Speeches (Lines) for Claudio
in "Measure for Measure"

Total: 35

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# Act, Scene, Line
(Click to see in context)
Speech text

1

I,2,206

Fellow, why dost thou show me thus to the world?
Bear me to prison, where I am committed.

2

I,2,210

Thus can the demigod Authority
Make us pay down for our offence by weight
The words of heaven; on whom it will, it will;
On whom it will not, so; yet still 'tis just.

3

I,2,216

From too much liberty, my Lucio, liberty:
As surfeit is the father of much fast,
So every scope by the immoderate use
Turns to restraint. Our natures do pursue,
Like rats that ravin down their proper bane,
A thirsty evil; and when we drink we die.

4

I,2,227

What but to speak of would offend again.

5

I,2,229

No.

6

I,2,231

Call it so.

7

I,2,233

One word, good friend. Lucio, a word with you.

8

I,2,236

Thus stands it with me: upon a true contract
I got possession of Julietta's bed:
You know the lady; she is fast my wife,
Save that we do the denunciation lack
Of outward order: this we came not to,
Only for propagation of a dower
Remaining in the coffer of her friends,
From whom we thought it meet to hide our love
Till time had made them for us. But it chances
The stealth of our most mutual entertainment
With character too gross is writ on Juliet.

9

I,2,248

Unhappily, even so.
And the new deputy now for the duke—
Whether it be the fault and glimpse of newness,
Or whether that the body public be
A horse whereon the governor doth ride,
Who, newly in the seat, that it may know
He can command, lets it straight feel the spur;
Whether the tyranny be in his place,
Or in his emmence that fills it up,
I stagger in:—but this new governor
Awakes me all the enrolled penalties
Which have, like unscour'd armour, hung by the wall
So long that nineteen zodiacs have gone round
And none of them been worn; and, for a name,
Now puts the drowsy and neglected act
Freshly on me: 'tis surely for a name.

10

I,2,268

I have done so, but he's not to be found.
I prithee, Lucio, do me this kind service:
This day my sister should the cloister enter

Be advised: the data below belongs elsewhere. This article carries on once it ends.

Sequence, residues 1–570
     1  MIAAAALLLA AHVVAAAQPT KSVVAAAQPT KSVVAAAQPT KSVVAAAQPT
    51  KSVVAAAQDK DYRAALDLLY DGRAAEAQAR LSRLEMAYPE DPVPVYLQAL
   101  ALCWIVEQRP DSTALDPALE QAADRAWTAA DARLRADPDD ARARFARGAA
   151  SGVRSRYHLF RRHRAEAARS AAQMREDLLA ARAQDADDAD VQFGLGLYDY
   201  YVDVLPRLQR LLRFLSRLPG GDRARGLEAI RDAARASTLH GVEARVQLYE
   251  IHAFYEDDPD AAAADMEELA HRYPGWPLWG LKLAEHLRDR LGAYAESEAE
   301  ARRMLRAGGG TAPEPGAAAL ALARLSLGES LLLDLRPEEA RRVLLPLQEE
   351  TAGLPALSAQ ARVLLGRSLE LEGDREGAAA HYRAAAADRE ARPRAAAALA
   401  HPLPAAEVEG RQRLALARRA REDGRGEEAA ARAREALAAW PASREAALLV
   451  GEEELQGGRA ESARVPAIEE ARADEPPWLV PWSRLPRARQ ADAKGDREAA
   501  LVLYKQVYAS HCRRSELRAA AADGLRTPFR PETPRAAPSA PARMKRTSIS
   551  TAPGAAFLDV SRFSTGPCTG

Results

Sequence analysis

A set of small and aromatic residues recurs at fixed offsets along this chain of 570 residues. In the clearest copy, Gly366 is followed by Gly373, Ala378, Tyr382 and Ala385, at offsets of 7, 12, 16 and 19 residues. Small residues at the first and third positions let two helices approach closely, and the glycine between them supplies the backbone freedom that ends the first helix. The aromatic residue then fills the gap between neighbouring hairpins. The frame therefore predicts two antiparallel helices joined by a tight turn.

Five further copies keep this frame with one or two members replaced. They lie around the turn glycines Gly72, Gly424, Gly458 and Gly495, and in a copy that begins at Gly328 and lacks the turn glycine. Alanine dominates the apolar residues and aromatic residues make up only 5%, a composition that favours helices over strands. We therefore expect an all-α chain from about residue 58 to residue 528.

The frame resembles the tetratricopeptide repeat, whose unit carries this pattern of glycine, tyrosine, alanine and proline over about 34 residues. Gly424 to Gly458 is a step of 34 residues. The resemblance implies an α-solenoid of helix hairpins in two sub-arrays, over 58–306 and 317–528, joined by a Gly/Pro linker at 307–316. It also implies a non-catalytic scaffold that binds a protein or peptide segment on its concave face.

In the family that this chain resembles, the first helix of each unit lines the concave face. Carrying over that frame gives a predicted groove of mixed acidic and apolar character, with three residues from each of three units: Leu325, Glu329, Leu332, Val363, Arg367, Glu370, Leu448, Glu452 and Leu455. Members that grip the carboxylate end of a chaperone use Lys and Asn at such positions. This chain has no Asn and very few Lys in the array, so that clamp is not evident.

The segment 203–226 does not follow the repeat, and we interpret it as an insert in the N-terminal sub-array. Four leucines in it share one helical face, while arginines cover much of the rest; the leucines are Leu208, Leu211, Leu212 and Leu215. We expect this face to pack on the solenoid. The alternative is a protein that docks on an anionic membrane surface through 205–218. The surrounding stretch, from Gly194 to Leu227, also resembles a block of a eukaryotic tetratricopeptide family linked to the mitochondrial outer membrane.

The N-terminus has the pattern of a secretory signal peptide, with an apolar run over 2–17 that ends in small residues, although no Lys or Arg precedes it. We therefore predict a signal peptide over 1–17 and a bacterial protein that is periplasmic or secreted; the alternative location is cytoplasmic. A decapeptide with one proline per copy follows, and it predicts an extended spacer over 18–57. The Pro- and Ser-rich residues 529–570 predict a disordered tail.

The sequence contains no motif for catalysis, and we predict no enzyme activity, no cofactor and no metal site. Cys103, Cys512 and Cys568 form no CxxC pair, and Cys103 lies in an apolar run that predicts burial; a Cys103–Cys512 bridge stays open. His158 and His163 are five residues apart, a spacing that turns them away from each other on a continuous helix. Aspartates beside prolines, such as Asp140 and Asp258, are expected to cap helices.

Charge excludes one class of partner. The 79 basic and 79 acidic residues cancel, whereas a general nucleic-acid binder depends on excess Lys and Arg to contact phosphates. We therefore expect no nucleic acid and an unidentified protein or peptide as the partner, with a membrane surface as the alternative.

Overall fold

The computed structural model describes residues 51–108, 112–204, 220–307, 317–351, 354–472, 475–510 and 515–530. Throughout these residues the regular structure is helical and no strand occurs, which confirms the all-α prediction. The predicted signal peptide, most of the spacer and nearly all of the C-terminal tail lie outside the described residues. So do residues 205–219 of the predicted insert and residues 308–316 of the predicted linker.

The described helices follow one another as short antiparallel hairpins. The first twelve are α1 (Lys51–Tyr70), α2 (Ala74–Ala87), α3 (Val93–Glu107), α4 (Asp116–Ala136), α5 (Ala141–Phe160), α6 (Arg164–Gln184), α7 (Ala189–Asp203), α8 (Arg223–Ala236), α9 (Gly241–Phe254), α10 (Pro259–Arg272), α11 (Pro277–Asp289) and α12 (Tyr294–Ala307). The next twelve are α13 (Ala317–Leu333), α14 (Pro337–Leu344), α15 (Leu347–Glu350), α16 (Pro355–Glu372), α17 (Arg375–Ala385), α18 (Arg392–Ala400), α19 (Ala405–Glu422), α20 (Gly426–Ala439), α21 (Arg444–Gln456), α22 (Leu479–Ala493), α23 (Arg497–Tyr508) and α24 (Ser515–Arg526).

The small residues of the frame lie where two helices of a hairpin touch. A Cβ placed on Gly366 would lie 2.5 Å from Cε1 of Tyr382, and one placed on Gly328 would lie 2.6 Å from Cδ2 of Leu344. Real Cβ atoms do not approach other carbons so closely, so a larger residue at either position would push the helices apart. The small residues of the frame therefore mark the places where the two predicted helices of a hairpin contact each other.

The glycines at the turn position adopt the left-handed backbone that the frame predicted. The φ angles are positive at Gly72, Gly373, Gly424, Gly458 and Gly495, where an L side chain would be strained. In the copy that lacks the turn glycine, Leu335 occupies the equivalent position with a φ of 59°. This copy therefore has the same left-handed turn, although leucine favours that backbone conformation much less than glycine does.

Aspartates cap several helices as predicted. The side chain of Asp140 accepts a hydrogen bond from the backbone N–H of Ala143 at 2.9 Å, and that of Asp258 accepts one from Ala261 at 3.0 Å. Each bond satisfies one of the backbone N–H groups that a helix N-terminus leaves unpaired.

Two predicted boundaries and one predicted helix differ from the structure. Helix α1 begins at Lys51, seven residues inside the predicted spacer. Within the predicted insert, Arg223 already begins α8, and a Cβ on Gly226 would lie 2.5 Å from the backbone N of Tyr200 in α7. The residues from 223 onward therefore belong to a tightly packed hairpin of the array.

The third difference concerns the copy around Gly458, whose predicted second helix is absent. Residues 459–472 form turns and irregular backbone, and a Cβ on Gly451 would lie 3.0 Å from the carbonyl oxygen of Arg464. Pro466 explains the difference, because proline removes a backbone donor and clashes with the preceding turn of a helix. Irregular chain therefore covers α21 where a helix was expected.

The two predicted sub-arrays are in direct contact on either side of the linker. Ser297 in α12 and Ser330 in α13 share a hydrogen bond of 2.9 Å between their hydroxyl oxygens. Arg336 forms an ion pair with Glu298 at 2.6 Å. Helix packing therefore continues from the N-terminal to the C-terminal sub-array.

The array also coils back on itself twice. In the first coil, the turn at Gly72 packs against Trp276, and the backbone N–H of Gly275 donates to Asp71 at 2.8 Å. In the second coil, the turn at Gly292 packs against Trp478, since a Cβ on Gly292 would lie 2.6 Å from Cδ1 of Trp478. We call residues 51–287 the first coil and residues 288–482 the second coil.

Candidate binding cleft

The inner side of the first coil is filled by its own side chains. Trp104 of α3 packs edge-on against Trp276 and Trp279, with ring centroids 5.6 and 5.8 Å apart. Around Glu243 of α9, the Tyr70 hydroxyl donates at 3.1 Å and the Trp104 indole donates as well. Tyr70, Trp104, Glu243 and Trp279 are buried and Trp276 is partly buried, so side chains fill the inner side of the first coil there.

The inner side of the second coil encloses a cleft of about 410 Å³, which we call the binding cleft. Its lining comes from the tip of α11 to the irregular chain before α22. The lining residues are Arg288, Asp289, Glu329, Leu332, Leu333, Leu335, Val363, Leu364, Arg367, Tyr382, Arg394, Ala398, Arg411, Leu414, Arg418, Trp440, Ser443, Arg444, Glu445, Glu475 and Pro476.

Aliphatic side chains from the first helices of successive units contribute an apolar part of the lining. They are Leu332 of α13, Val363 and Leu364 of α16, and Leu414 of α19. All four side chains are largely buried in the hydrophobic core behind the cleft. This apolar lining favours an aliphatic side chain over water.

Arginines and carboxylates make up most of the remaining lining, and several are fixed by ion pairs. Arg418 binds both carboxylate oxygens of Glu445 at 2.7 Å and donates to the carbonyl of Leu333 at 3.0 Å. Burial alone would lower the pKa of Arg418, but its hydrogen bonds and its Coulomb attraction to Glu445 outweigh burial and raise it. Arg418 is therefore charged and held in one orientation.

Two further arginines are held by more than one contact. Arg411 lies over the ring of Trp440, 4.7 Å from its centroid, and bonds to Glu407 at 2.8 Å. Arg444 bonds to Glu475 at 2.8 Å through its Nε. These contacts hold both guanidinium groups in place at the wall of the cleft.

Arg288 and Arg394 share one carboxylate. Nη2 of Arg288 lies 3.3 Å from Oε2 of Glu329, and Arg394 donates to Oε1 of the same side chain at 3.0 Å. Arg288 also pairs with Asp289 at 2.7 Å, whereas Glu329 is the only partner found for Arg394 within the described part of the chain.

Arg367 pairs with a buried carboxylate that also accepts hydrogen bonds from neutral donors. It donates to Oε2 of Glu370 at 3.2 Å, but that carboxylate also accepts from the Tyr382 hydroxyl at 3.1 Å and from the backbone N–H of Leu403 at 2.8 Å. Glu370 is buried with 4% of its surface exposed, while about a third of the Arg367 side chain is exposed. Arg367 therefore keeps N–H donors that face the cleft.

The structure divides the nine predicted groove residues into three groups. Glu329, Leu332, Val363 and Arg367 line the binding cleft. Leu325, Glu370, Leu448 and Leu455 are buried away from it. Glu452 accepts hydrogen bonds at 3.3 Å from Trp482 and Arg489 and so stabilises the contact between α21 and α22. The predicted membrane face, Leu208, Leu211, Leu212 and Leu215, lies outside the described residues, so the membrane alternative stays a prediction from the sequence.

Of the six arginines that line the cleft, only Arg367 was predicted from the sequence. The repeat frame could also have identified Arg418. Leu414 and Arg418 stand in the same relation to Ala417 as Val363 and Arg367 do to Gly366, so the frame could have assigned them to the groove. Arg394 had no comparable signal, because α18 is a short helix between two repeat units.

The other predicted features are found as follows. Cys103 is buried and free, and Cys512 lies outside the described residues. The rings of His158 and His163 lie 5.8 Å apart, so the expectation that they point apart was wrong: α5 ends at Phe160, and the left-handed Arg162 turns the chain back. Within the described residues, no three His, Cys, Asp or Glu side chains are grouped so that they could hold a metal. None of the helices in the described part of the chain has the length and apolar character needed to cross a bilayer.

And there receive her approbation:
Acquaint her with the danger of my state:
Implore her, in my voice, that she make friends
To the strict deputy; bid herself assay him:
I have great hope in that; for in her youth
There is a prone and speechless dialect,
Such as move men; beside, she hath prosperous art
When she will play with reason and discourse,
And well she can persuade.

11

I,2,285

I thank you, good friend Lucio.

12

I,2,287

Come, officer, away!

13

III,1,1224

The miserable have no other medicine
But only hope:
I've hope to live, and am prepared to die.

14

III,1,1264

I humbly thank you.
To sue to live, I find I seek to die;
And, seeking death, find life: let it come on.

15

III,1,1270

Most holy sir, I thank you.

16

III,1,1278

Now, sister, what's the comfort?

17

III,1,1286

Is there no remedy?

18

III,1,1289

But is there any?

19

III,1,1294

Perpetual durance?

20

III,1,1298

But in what nature?

21

III,1,1302

Let me know the point.

22

III,1,1311

Why give you me this shame?
Think you I can a resolution fetch
From flowery tenderness? If I must die,
I will encounter darkness as a bride,
And hug it in mine arms.

23

III,1,1325

The prenzie Angelo!

24

III,1,1331

O heavens! it cannot be.

25

III,1,1336

Thou shalt not do't.

26

III,1,1340

Thanks, dear Isabel.

27

III,1,1342

Yes. Has he affections in him,
That thus can make him bite the law by the nose,
When he would force it? Sure, it is no sin,
Or of the deadly seven, it is the least.

28

III,1,1347

If it were damnable, he being so wise,
Why would he for the momentary trick
Be perdurably fined? O Isabel!

29

III,1,1351

Death is a fearful thing.

30

III,1,1353

Ay, but to die, and go we know not where;
To lie in cold obstruction and to rot;
This sensible warm motion to become
A kneaded clod; and the delighted spirit
To bathe in fiery floods, or to reside
In thrilling region of thick-ribbed ice;
To be imprison'd in the viewless winds,
And blown with restless violence round about
The pendent world; or to be worse than worst
Of those that lawless and incertain thought
Imagine howling: 'tis too horrible!
The weariest and most loathed worldly life
That age, ache, penury and imprisonment
Can lay on nature is a paradise
To what we fear of death.

31

III,1,1369

Sweet sister, let me live:
What sin you do to save a brother's life,
Nature dispenses with the deed so far
That it becomes a virtue.

32

III,1,1385

Nay, hear me, Isabel.

33

III,1,1390

O hear me, Isabella!

34

III,1,1411

Let me ask my sister pardon. I am so out of love
with life that I will sue to be rid of it.

35

IV,2,1951

As fast lock'd up in sleep as guiltless labour
When it lies starkly in the traveller's bones:
He will not wake.

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